|Cabellero v City of New York|
|2008 NY Slip Op 01693 [48 AD3d 727]|
|February 26, 2008|
|Appellate Division, Second Department|
|Published by New York State Law Reporting Bureau pursuant to Judiciary Law § 431.|
|Antonia Cabellero, Appellant,|
City of New York, Respondent, et al., Defendant.
Michael A. Cardozo, Corporation Counsel, New York, N.Y. (Pamela Seider Dolgow, Jacob
Levin, and John Hogrogian of counsel), for respondent.
Michael A. Cardozo, Corporation Counsel, New York, N.Y. (Pamela Seider Dolgow, Jacob Levin, and John Hogrogian of counsel), for respondent.
In an action to recover damages for personal injuries, the plaintiff appeals from an order of the Supreme Court, Kings County (Partnow, J.), dated November 17, 2004, which denied her motion to compel the defendant City of New York to provide copies of all contracts and records relating to a certain capital project.
Ordered that the order is affirmed, with costs.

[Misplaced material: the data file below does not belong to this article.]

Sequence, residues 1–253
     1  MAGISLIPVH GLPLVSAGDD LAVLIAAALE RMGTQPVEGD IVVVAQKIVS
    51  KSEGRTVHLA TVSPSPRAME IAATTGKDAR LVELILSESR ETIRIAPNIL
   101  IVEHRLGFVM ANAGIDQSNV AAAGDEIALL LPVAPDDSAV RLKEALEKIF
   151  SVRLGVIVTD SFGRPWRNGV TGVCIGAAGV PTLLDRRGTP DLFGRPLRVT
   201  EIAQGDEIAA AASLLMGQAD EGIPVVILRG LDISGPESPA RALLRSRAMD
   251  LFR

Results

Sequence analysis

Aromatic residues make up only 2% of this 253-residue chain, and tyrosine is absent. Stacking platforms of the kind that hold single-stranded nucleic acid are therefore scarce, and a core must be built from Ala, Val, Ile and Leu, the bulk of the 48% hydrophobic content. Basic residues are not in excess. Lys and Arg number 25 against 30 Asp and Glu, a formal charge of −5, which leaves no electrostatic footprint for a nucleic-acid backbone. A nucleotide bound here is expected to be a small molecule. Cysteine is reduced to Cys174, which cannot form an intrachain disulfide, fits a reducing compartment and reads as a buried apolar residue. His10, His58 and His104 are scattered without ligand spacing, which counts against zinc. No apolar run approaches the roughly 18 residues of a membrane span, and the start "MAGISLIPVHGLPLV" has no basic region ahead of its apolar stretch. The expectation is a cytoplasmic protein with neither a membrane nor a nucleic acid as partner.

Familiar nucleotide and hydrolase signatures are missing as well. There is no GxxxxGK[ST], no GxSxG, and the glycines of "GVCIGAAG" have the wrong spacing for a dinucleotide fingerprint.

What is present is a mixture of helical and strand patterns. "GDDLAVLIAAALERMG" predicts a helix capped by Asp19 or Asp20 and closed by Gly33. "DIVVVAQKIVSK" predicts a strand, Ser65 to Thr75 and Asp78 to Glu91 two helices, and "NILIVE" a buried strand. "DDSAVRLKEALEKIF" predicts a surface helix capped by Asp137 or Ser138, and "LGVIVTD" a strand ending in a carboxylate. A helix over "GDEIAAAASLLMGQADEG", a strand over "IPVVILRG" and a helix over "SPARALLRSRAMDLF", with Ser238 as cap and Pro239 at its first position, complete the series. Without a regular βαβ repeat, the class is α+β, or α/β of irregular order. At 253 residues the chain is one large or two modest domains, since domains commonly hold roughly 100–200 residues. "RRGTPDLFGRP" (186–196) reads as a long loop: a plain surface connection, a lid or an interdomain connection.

"The supervision of discovery, and the setting of reasonable terms and conditions for disclosure, are within the sound discretion of the Supreme Court. The Supreme Court's discretion is broad because it is familiar with the action before it, and its exercise should not be disturbed on appeal unless it was improvidently exercised" (Provident Life & Cas. Ins. Co. v Brittenham, 284 AD2d 518, 518 ; see Olexa v Jacobs, 36 AD3d 776, 777 ; Setsuo Ito v Dryvit Sys., 5 AD3d 735 ). The Supreme Court providently exercised its discretion in denying the plaintiff's motion to compel the defendant City of New York (hereinafter the City) to provide copies of all contracts and records relating to a certain capital project. The record reveals that the City had complied with a prior order directing it to make available for inspection, at either the office of the corporation counsel or the appropriate City agency, "[c]ontracts and all related contract documents (i.e. progress reports)" for two years prior to and including the date of the occurrence. Furthermore, the production of copies of all relevant contracts and records should not be compelled to the extent that they are available as [*2]a matter of public record (see Public Officers Law §§ 86, 87; Blagrove v Cox, 294 AD2d 526 ; Penn Palace Operating v Two Penn Plaza Assoc., 215 AD2d 231 ; Matter of Beryl, 118 AD2d 705, 707 ). Prudenti, P.J., Skelos, Miller, Covello and McCarthy, JJ., concur.